April is National Financial Literacy Month, a time when young people and adults focus on their financial future and well-being. An estimated 3.4 million high school students will graduate this spring, and while they are well versed in math, English and science, many are often ill-equipped when it comes to financial literacy.
Originally promoted by Jump$tart Coalition as Financial Literacy Month for Youth, the awareness initiative morphed into National Financial Literacy Month in 2000 to be more inclusive and encourage financial literacy skills American consumers of all ages.
Financial literacy is a broad topic that covers multiple aspects that contribute to positive financial well-being. According to the Consumer Financial Protection Bureau, financial well-being is best defined as follows:
- The ability to meet all financial needs today and over time.
- Feel secure in your financial future.
- A capacity to absorb a financial shock.
- Having the financial freedom to make choices and enjoy life.
According to BBB’s 2019 report Exposed to Scams: What Separates Victims from Non-Victims, consumers with low levels of financial literacy are more likely to lose money when engaging in a fraudulent business. A high level of financial literacy can best be described as confidence in understanding financial concepts, including saving, investing, debt, and other elements that lead to an overall sense of financial well-being and of self-confidence.
Often the best way to start and maintain positive financial habits is to create and follow a budget. However, a 2021 study by The Harris Poll on behalf of the National Foundation for Credit Counseling (NFCC) and Wells Fargo found that less than half (44%) of the general population have a budget and are watching closely. how much she spends. on food, housing and recreation.
According to the FTC’s 2021 Consumer Sentinel Network data book, reports of fraud and identity theft in the United States continue to increase significantly. Over the past five years, the number of fraud, impersonation, and other reports submitted to the FTC has increased 96.1% to more than 5.7 million in 2021. While the tactics of scam artists and scammers are constantly evolving to overcome programs and systems focused on preventing their impact on the market, individual consumer efforts to increase their financial literacy are often the deciding factors in determining whether a victim loses money because of tricks of a scammer.
In recognition of National Financial Literacy Month and to help consumers increase their financial literacy, the Better Business Bureau provides the following tips:
Protect your personal information.
In today’s digital world, protecting your personal information goes beyond shredding sensitive documents. While collecting, storing, and disposing of sensitive documents goes a long way in preventing identity theft, consumers should also assess their digital footprint. Consider implementing multi-factor authentication systems on your most sensitive accounts, such as your online bank, utility, insurance, and medical accounts.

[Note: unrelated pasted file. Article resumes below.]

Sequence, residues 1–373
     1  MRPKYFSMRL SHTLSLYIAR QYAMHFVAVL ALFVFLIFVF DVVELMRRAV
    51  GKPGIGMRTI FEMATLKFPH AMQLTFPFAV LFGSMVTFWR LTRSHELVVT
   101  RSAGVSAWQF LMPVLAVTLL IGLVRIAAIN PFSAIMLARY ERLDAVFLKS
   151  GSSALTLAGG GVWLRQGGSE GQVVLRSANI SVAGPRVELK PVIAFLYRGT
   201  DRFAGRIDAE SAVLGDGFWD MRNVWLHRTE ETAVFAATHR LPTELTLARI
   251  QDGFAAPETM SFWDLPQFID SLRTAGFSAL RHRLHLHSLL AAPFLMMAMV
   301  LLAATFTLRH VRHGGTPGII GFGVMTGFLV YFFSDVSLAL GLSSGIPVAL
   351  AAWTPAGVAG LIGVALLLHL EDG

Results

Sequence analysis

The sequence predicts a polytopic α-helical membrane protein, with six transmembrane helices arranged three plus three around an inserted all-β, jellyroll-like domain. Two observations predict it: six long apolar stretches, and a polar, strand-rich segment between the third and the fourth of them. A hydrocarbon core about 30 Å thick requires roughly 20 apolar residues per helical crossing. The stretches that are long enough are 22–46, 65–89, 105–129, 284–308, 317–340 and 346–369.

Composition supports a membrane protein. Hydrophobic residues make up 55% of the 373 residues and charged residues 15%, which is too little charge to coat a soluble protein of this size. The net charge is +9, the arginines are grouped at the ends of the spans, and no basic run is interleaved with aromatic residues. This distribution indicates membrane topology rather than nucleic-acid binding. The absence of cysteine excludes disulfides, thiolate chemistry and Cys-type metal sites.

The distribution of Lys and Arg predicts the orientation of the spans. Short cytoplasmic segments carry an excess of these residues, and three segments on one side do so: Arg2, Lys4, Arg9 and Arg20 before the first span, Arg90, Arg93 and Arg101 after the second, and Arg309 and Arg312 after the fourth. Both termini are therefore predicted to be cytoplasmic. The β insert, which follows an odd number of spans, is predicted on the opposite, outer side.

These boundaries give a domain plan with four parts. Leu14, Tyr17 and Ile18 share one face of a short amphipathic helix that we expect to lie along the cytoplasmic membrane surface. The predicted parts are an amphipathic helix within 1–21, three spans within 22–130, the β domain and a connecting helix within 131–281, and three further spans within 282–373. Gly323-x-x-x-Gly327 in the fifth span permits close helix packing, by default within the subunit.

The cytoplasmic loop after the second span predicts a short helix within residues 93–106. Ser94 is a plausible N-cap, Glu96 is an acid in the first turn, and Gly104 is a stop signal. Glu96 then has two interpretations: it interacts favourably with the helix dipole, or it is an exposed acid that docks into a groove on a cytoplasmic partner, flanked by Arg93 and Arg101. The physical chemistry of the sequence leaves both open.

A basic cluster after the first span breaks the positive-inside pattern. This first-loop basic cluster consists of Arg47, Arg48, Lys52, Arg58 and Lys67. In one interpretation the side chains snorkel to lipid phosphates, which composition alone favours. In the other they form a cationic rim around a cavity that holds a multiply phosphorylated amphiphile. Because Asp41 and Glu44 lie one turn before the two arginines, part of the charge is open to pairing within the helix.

Proper disposal of electronic devices can prevent crooks from accessing data stored on hard drives and is a modern equivalent of shredding services. To help consumers properly shred sensitive documents and recycle their electronics, BBB hosts Secure Your ID days in communities across the country that offer free shredding and e-waste disposal services. Visit BBB.org/SYID to find an event near you.
Create and stick to a budget.
Following an organized budget, whether weekly or monthly, can be beneficial for the longevity of your financial well-being. Especially for young people, practicing financial budgeting can increase confidence, self-confidence and independence.
Parents can help their children establish healthy financial habits by establishing a regular allowance or budget that young people will receive and discussing their expected expenses. Once the child begins to earn their own income, they can apply the budgeting lessons learned to their finances.
There are countless resources available for free online to help create a budget, including the Consumer Financial Protection Bureau, which offers a budgeting worksheet that consumers can download for free.
Understand the dangers of debt.
As tempting as it may be to buy the latest and greatest product using a credit card or payment plan, debt can quickly spiral out of control. Take the time to understand the terms of loans, credit cards, lease-to-own or deferred payment options offered by a banking institution or company. Review the annual percentage rate of charge (APR) of the payment and whether it includes fixed, simple, or compound interest.
Figure out your debt-to-income ratio by adding up all your monthly payments and dividing by your gross monthly income. The higher this percentage, the more difficulty consumers may have in making their monthly payments. Most mortgage companies use the 43% debt-to-equity ratio to determine that a borrower can receive a qualifying mortgage.
For more information and to participate in Jump$tart events this National Financial Literacy Month, visit Jumpstart.org.
For more resources from the Consumer Financial Protection Bureau in creating and maintaining a budget and other financial tips, visit ConsumerFinance.gov.
Find BBB Accredited Financial Consultants near you who are committed to ethical business practices on BBB.org.